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Very well said. You can move a team like VASJ up a division, but another team public or private will take its place. You cannot separate the urban from the rural and that is always going to be an issue. The urban kids who play hoops all year round and play the AAU circuit are always going to have the advantage over the rural team that is comprised in many cases by kids who play multiple sports and only concentrate on basketball in the Winter.

VASJ only has 155 boys so they cannot expect to have to compete with schools like Ed's or Iggy that are honestly 10x their size. Mind you boys basketball, girls volleyball and track are really the only programs competitive. Football is hit or miss and the rest of the sports struggle pretty badly. You cannot penalize all the sports teams because the school happens to have developed an elite level boys basketball program. We had a very competitive girls team the last few years. They got to state twice and lost in the semis both times. They got bumped up a division and were nowhere near as competitive.

I do not believe in punishing a team for being great either. I think part of the problem is that these rural teams think they are better then they are. The AP ranks these teams high and the kids and parents think this is the year we win it all and it creates a false sense of accomplishment. Then they play a urban team or a team like VASJ that is ranked in the bottom of the state and they are stunned. The truth is they were not as good as people led them to believe they were. It's like a boxer who makes his way to the top knocking out bums, then fights a real fighter and gets his head kicked it. We played Garretsville Garfield in the regional semi in Canton. They were feeling pretty good about themselves after knocking off the AP darlings LeBrae. They NEVER expected to get 40 balled by Joe's and actually have their starters outplayed by the VASJ JV squad in the 4th quarter.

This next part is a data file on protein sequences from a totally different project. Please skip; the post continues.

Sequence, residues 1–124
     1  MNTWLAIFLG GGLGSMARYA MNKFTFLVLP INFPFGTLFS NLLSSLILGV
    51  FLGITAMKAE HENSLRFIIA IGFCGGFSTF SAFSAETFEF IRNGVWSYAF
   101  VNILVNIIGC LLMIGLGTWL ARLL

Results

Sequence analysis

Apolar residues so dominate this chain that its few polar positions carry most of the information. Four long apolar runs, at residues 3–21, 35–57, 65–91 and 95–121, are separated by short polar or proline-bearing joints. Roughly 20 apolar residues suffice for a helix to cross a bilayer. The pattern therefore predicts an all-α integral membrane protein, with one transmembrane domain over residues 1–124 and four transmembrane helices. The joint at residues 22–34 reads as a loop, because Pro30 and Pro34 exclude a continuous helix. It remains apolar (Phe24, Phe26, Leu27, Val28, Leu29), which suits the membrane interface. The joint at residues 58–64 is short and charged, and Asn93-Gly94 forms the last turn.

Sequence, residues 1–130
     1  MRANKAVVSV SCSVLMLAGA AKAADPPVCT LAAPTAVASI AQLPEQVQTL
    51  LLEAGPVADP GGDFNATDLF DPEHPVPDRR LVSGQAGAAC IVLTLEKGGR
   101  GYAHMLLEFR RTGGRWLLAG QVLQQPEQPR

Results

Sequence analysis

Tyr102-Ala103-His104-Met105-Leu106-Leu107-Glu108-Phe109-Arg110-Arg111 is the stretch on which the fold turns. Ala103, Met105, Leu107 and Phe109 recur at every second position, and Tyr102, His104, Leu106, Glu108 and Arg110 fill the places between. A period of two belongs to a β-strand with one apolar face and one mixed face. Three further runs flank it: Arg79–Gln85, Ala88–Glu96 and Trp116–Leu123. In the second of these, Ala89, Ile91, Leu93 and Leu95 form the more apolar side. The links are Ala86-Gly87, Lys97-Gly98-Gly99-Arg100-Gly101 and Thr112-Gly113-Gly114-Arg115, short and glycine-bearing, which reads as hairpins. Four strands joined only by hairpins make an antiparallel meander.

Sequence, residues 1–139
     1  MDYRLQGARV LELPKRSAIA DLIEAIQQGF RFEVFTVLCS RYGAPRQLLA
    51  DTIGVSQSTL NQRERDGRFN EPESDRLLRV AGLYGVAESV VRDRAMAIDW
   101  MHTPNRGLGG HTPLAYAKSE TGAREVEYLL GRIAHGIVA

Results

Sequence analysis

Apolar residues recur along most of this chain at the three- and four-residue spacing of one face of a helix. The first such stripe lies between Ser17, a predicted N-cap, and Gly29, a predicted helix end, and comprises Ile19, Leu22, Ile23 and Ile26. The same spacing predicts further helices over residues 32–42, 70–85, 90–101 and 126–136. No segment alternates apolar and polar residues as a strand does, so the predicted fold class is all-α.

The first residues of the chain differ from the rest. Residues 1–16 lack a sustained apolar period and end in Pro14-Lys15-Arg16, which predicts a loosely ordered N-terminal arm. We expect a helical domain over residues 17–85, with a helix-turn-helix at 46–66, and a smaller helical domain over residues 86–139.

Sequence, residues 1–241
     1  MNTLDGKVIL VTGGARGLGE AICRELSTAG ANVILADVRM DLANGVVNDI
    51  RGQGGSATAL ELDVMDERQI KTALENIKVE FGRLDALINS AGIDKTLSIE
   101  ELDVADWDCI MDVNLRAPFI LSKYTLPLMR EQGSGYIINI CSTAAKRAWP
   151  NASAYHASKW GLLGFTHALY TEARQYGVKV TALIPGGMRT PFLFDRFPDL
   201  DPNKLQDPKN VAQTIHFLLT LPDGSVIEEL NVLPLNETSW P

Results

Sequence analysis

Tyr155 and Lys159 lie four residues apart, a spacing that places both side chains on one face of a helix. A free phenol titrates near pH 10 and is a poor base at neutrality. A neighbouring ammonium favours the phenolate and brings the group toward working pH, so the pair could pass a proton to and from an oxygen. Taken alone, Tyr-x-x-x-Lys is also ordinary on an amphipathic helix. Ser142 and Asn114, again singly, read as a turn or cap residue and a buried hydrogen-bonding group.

The point I guess I'm trying to make is unless you add more divisions the rural teams are always going to be at a distinct disadvantage to the rural or inner city teams - especially ones with open enrollment. Every year in our district there is one or two public teams that if they could only get by VASJ - watch out. You can bump SVSM to D1 and who would take their place in D2 - VASJ. Where is the benefit. Remove Joe's from D3 and get Lutheran East up from D4. The rural schools just have the decked stacked against them weather its the urban privates or public. The best team in some of those schools history unfortunately is just a mediocre team to many of the urban schools. It stinks but it's true.